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Glasnerven t1_j98c8t4 wrote

To borrow a phrase from XKCD: "You wouldn't die of anything; you'd just stop being biology and start being physics."

Obviously we experience the results of nuclear events any time we're out in the sunlight. However, we receive those results via electromagnetism--and gravity, because the sun affects the tides. Nuclear forces govern the fission reactions at the heart of nuclear power, but the heat is transferred via EM forces. Even in the event of a nuclear weapon explosion, the gamma ray pulse is EM, the thermal pulse is EM, the visible light is EM, and when the blast wave hits, it's doing damage by EM forces, too.

Maybe it's just my lack of imagination, but I don't see how a person could directly experience the strong or weak nuclear forces without being part of a significant fission, fusion, or decay event.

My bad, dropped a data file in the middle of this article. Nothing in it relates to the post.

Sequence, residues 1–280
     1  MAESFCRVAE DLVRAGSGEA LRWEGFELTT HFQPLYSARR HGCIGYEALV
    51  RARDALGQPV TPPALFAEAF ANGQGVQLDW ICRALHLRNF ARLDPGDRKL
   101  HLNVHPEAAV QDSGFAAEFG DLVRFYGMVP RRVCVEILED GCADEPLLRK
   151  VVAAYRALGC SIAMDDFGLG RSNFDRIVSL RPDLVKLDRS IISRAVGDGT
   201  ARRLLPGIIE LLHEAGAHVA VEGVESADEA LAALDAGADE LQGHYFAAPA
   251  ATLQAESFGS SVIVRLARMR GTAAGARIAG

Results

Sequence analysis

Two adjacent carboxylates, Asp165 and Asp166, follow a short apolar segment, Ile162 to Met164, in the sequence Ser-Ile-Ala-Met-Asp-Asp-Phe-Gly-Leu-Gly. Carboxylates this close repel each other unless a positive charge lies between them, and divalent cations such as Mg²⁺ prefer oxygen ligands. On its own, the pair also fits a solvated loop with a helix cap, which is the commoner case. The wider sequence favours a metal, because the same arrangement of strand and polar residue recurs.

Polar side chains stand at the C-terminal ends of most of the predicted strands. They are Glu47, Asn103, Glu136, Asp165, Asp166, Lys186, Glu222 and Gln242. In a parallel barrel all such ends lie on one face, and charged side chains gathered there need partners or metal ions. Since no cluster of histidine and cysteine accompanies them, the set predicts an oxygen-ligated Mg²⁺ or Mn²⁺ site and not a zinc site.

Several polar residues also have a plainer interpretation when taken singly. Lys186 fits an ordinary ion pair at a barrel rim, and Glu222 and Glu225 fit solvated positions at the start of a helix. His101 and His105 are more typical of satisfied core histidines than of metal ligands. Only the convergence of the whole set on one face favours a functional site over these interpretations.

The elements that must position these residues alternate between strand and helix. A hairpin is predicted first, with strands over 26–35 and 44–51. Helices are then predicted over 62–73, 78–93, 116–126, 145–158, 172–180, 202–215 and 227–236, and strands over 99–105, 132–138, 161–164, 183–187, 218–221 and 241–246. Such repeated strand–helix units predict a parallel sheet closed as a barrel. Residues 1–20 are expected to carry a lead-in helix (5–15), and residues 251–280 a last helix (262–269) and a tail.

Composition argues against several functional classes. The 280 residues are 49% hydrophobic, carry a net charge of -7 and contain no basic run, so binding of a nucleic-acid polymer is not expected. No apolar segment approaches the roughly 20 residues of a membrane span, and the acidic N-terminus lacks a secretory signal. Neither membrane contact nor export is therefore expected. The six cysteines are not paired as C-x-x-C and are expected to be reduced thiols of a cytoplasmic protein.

However: it turns out that only about 1% of the mass of a proton is composed of the rest mass of the quarks that make it up. The other 99% is the binding energy holding everything together, which is an effect of the strong nuclear force.

So, get a liter bottle of water and wave it around. Feel the heft. You're pushing on that bottle via electromagnetic forces, but 990 grams of that mass you're playing with is nuclear force.


rootofallworlds t1_j9alolh wrote

Acute radiation sickness. Specifically from neutron radiation. Even that is in a sense indirect - the neutrons knock nuclei about or get captured by the nuclear forces, but it's secondary emission of ionising radiation that does the real damage and that's electromagnetically.


_AlreadyTaken_ t1_j9b51go wrote

You have likely experienced them directly when a cosmic rays hits you, otherwise you experience them indirectly from sunlight.